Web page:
Arts chief Jeremy Johnson returns to hometown to lead Assembly for the Arts in Cleveland

CLEVELAND, Ohio – Northeast Ohio’s newest high-ranking artistic leader says his life was transformed by early exposure to the Cleveland Orchestra concerts at Severance Hall and the glittering medieval armor of the Cleveland Museum of Art.

Now he wants to make sure more people can enjoy experiences like the ones he had growing up in the Hough and Glenville neighborhoods of Cleveland. He also wants to ensure that the city’s enviable cultural sector becomes even stronger and more influential.

Jeremy Johnson, 59, began working in his hometown on Monday as the first CEO of the Assembly for the Arts, the new umbrella organization designed to uplift Greater Cleveland’s creative industries. Johnson has worked for the past 27 years as a respected arts administrator in Newark, NJ

As Assembly Leader, Johnson will be the primary regional spokesperson for all of Greater Cleveland’s creative industries. It’s a role he’s going to invent, like an actor playing a role in a play for the first time, or a conductor creating a new composition.

“We are in the process of preparing a score and a songbook,” he said in an interview with cleveland.com and The Plain Dealer. “What are the pieces? Who are the sopranos, violas, tenors and basses? How are we going to fix this? Where is the rhythm section?

“I have a role as a conductor, but everyone has a role in the composition.”

Johnson returns to Cleveland after serving as Assistant Vice President of the New Jersey Performing Arts Center, Philanthropic Liaison Officer for the Council of New Jersey Grantmakers in Newark City and, most recently, Executive Director of the Newark Arts Council.

“It’s great to be back,” he said. “I’m just thrilled.”

Elevate the arts

The goal of the Assembly is to provide a unified voice for a billion dollar creative economy in Northeast Ohio that includes both nonprofit cultural organizations and for profit businesses. , ranging from architecture and graphic design to film, musical performance and recording.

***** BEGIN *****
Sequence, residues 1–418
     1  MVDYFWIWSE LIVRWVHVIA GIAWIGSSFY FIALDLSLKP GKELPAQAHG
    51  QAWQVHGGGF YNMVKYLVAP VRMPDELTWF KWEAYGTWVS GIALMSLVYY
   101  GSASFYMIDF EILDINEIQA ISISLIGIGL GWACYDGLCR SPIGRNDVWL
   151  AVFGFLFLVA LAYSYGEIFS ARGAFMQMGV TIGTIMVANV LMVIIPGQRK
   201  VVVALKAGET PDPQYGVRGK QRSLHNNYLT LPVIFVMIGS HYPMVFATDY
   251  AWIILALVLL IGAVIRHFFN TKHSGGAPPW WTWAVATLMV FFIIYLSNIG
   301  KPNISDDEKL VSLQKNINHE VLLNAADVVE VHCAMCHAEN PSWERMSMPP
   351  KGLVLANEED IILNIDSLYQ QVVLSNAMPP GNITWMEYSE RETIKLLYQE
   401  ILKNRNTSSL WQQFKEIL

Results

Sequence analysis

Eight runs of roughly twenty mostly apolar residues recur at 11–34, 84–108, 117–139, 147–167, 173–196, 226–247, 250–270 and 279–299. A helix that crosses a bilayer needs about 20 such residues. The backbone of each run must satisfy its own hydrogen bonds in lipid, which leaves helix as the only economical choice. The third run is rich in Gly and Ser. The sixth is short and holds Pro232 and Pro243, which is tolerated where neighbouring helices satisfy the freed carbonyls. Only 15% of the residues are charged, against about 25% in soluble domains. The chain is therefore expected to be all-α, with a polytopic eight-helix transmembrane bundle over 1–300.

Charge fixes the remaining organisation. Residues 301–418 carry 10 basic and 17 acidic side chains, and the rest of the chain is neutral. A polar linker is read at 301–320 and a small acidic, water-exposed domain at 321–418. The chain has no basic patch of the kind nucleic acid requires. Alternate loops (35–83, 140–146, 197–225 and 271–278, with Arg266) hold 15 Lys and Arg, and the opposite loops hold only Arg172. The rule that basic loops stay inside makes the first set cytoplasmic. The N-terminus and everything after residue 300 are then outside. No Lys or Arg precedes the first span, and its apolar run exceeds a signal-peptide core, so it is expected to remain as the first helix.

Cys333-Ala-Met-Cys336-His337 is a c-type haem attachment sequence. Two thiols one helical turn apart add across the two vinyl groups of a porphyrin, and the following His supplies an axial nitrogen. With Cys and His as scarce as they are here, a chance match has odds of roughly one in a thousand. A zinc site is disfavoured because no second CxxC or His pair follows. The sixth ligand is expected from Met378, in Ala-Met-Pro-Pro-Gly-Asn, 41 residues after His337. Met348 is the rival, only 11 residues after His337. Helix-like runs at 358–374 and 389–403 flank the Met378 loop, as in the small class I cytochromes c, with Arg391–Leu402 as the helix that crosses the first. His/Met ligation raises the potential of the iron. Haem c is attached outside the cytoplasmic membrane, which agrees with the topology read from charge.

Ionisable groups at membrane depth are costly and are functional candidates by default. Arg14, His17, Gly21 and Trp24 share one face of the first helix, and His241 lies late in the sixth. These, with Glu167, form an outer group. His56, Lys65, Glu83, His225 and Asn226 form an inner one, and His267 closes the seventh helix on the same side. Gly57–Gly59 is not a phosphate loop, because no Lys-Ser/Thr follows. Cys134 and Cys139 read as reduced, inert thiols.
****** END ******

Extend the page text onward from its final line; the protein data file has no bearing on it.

Its activities, carried out separately through its allied organizations, will include political campaigns, candidate recommendations, research on the impact of the arts and efforts to develop the city’s creative sector as well as size and diversity. artistic organizations, audiences and cultural offerings.

The Assembly was born out of an alliance of three key organizations that support the arts in Cleveland and Cuyahoga County.

They include Cuyahoga Arts and Culture, the public agency that distributes $ 12 million a year to nonprofit cultural organizations, community projects, and individual artists with money raised through the 30-cent tax. the pack on county cigarettes.

The former Cleveland Arts, now called the Assembly for the Arts, is also part of the Assembly. It is a 501 (c) (3) non-profit organization dedicated to advocacy, cultural policy, racial equity initiatives, research, marketing and membership services for organizations. cultural nonprofits, individual artists and creative businesses.

Finally, the Assembly includes the Assembly for Action, a 501 (c) (4) body empowered to lobby elected officials, support candidates and run campaigns. In 2015, under its former name of the Arts and Culture Action Committee, the organization spearheaded the campaign that helped convince Cuyahoga County voters to renew the 10-year cigarette tax with a margin. by 75%.

The three organizations will be linked by a handful of overlapping board memberships, and they will act collaboratively in their own spheres.

Precious boomerang

Cleveland philanthropist and cultural entrepreneur Fred Bidwell, who played a leading role in the founding of the Assembly and will serve on the boards of the Assembly for the Arts and the Assembly for Action, has called Johnson a valuable boomerang for Cleveland.

“He brings a great experience to Cleveland from Newark,” Bidwell said. “I think that makes him the perfect person to run the business.”